Moscow city officials describe their My Street initiative as "the world's largest redevelopment project." Considering the scale and scope of the project outlined in the story below it might be hard to argue with them. While an urban makeover of this magnitude wouldn't be a good fit for many cities, there are elements in Moscow's smart city strategy most cities could use, among them a strong reliance on data analytics to guide the planning process from the start and a program dedicated to engaging citizens with that process. — Doug Peeples
The title of Moscow's My Street initiative is a bit misleading because it's about more than streets. While numerous street improvements have been completed and others are underway, the project also includes makeovers for boulevards, public squares and gardens, parks and recreation areas, building façade renovation and more.
The project, which is being conducted in phases, was initially expected to be completed in 2018 but has been extended to 2020, according to news reports.
Data-driven planning and engaged citizens
The project began in 2014 when researchers used Big Data and data modeling to sift through key factors such as population density, vehicle and pedestrian traffic, the efficiency of mass transit routes, existing green areas and public spaces and more.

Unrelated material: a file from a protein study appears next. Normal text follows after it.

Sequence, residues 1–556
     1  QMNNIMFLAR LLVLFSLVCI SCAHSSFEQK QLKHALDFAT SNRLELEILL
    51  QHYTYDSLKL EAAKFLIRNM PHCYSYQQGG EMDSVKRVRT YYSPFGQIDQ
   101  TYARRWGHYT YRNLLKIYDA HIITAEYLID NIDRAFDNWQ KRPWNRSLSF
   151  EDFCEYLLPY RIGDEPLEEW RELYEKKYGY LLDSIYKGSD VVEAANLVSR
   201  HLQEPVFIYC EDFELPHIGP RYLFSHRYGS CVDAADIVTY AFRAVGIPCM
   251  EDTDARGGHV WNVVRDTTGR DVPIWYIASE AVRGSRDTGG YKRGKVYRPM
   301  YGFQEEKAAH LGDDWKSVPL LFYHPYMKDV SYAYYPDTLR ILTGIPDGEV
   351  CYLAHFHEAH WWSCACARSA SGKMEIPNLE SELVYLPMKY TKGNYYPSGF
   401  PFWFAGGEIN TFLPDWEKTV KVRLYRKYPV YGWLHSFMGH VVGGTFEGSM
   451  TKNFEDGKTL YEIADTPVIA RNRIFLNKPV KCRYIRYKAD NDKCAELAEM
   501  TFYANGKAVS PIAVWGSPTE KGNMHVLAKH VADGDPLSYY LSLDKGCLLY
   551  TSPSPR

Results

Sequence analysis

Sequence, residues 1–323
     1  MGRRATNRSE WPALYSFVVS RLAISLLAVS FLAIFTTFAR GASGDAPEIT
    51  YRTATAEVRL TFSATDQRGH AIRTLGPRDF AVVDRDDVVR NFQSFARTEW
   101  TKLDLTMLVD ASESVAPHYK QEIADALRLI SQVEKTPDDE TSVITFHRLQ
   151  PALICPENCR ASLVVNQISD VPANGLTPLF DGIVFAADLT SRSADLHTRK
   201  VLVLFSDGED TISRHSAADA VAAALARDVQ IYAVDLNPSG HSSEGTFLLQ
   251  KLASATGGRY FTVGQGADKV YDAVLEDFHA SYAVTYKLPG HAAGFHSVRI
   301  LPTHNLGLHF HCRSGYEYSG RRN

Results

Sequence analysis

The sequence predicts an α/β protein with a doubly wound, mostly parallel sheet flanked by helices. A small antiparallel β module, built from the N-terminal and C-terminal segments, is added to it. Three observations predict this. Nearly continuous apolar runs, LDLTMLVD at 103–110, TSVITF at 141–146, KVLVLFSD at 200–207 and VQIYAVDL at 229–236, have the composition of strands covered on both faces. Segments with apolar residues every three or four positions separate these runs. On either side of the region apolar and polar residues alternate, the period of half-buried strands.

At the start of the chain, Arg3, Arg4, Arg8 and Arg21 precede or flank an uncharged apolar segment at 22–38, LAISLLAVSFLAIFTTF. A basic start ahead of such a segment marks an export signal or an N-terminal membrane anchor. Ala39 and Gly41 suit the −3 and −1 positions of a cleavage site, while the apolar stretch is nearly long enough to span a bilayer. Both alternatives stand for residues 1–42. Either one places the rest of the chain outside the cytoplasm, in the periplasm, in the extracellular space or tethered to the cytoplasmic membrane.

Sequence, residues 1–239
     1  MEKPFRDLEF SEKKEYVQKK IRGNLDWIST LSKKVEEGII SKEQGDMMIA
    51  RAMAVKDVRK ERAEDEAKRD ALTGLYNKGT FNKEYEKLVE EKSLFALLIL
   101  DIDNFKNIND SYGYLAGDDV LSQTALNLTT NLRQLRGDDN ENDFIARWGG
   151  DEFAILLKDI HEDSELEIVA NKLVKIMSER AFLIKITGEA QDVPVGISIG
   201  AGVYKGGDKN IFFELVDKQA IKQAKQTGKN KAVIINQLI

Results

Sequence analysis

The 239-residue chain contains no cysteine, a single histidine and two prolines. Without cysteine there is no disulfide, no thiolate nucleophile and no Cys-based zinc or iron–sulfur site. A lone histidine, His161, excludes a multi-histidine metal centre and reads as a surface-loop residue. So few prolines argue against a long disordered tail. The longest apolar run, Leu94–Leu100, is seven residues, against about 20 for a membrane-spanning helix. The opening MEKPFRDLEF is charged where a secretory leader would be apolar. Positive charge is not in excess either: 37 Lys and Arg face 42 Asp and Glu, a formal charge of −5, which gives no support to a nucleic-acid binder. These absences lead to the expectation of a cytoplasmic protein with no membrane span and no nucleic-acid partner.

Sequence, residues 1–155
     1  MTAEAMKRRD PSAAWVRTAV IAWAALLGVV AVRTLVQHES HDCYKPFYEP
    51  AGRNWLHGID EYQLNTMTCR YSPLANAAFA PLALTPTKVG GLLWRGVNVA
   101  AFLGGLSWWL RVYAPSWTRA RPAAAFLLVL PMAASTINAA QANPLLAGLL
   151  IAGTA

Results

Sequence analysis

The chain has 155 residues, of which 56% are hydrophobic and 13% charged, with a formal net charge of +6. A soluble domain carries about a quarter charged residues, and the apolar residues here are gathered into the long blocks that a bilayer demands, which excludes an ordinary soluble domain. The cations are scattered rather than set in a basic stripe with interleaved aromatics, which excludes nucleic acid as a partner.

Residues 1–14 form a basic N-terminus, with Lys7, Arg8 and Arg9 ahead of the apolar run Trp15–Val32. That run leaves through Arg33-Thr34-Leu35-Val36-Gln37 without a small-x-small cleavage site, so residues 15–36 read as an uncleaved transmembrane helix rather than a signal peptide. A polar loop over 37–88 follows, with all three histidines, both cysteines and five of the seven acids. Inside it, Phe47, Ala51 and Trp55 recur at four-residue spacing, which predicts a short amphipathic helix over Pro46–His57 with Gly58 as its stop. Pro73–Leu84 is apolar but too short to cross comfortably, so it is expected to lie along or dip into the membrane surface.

City officials also developed 'Active Citizen,' an e-voting platform designed to encourage citizens to weigh in on the planning process by sharing their opinions on a variety of topics, from where new tree plantings should be located to new mass transit routes and which streets should be the first to be renovated.
So far, the city has renovated 233 streets, increased traffic speed by 10% and the number of ground transportation passengers by 50%.
Free WiFi and USB charging stations have been added, as have new bicycle paths and hundreds of bus stops. Thousands of smart traffic lights have been installed and energy-efficient streetlights also are scheduled for installation this year.
More information and images are available on Moscow Mayor Sergey Sobyanin's city website.
Doug Peeples is a Portland, Oregon-based writer specializing in technology and energy. Follow @smartccouncil on Twitter.